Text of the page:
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Birders, Green Groups, Defenders of Public Lands Unite, Tell Bundy Militants to 'Go Home'

Hundreds showed up at demonstrations across the northwest while others have been camped out in counterprotest for weeks

Hundreds of people gathered in Eugene, Oregon on Tuesday to protest the ongoing militant occupation of the Malheur National Wildlife Refuge. (Photo: Andy Nelson/The Register-Guard)

Hundreds of people gathered in Eugene, Oregon on Tuesday to protest the ongoing militant occupation of the Malheur National Wildlife Refuge. (Photo: Andy Nelson/The Register-Guard)

The militant occupation of a wildlife sanctuary in Oregon has stirred the the ire of hundreds of nature lovers and defenders of public lands who have launched their own counter-protest against the group's ongoing "temper tantrum with guns."

"We can show the gang that's out there at the Malheur National Wildlife Refuge how you really make a public statement in support of something," Sean Stevens, executive director of Oregon Wild, declared at a rally in Portland, Oregon's Holladay Park on Tuesday.

"We're going to be positive. We're going to be peaceful and we're going to talk about how much we love public lands," Stevens said.

Similar demonstrations condemning Ammon and Ryan Bundy's armed takeover of Malheur were held across the northwest on Tuesday. Rallies in Portland, Eugene, and Bend, Oregon each saw crowds of over 200 people while over 100 turned out at the Capitol building in Boise, Idaho.

Attendees of the demonstrations were described as birders, hikers, and nature lovers. In Eugene, "most participants arrived in or carrying outdoors gear, such as kayak vests or binoculars," The Oregonian reported. While in Portland, crowds chanted "birds not bullies."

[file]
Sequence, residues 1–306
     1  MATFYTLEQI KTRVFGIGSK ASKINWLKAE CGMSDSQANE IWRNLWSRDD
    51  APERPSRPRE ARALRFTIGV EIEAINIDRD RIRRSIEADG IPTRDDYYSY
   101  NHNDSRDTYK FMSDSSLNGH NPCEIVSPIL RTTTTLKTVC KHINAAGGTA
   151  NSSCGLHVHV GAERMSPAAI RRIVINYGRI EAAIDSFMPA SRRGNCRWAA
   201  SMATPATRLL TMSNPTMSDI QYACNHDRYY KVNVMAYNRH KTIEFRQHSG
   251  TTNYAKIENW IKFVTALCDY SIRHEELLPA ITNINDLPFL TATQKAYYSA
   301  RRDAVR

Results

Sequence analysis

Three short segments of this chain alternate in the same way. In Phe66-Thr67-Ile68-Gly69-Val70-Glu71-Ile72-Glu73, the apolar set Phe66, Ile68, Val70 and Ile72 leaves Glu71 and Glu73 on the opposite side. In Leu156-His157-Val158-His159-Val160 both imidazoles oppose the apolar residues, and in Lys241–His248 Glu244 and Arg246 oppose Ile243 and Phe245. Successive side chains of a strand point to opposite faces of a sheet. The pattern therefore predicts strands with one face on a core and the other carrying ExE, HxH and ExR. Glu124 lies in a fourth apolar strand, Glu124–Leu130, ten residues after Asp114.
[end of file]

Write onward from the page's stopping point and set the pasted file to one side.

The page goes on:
A couple dozen people also turned out for a protest outside the entrance to Malheur. Among them, Kierán Suckling, executive director of the Center for Biological Diversity, stated: "We’re here to say the Malheur is not occupied by the militia — we’re here, we’re on the land."

Meanwhile, a devoted group of public land defenders has also been camping out nearby.

Since she first heard of the militant group's January 2 seizure of the refuge headquarters, Candy Henderson has braved rain, snow, and freezing temperatures in her small tent to prove her commitment to keep "public lands public for all Americans."

"I’ll leave when the militia leaves," said Henderson, who attends the so-called Bundy militia’s daily press briefing to speak up for the importance of public land and the preservation of wildlife. "They cannot keep Americans from their public lands with the barrel of a gun," she added.

In what it describes as "an odd juxtaposition," the New York Times notes that Henderson and some of her fellow counterprotesters are sleeping at the same campground as about two dozen members of the Northern Nevada Oath Keepers, whose stated mission is to "defend the Constitution against all enemies, foreign and domestic."

Ammon Bundy, the leader of the armed group, reportedly attended a community meeting in Burns Tuesday night during which many of the residents chanted "go, go, go" while others "voiced anger at Bundy's group as well as the local and federal government for what some said was a lack of effort to end the takeover," ABC reports.

Earlier this week, two brothers from Eugene, Jake and Zach Klonoski launched an online campaign: "Getting the Occupiers of the Historic Oregon Malheur NWR Evicted" or G.O.H.O.M.E.

With the goal of "turning the occupation against itself," the brothers are collecting donations each day it continues and will eventually distribute the funds to four groups—Friends of Malheur NWR, Americans for Responsible Action, Burns Paiute tribe, and the Southern Poverty Law Center. These groups, they write, are "antithetical to the occupiers’ message of brute force and rage, as well as the privilege and narcissism inherent in their goals."

It is worth noting that Jake and Zach are sons of Judge Ann Aiken, who drew sharp criticism from the Bundy group after she sentenced Harney County ranchers Dwight and Steven Hammond to the full five years the 9th Circuit Court of Appeals recommended for setting fire on federal lands.

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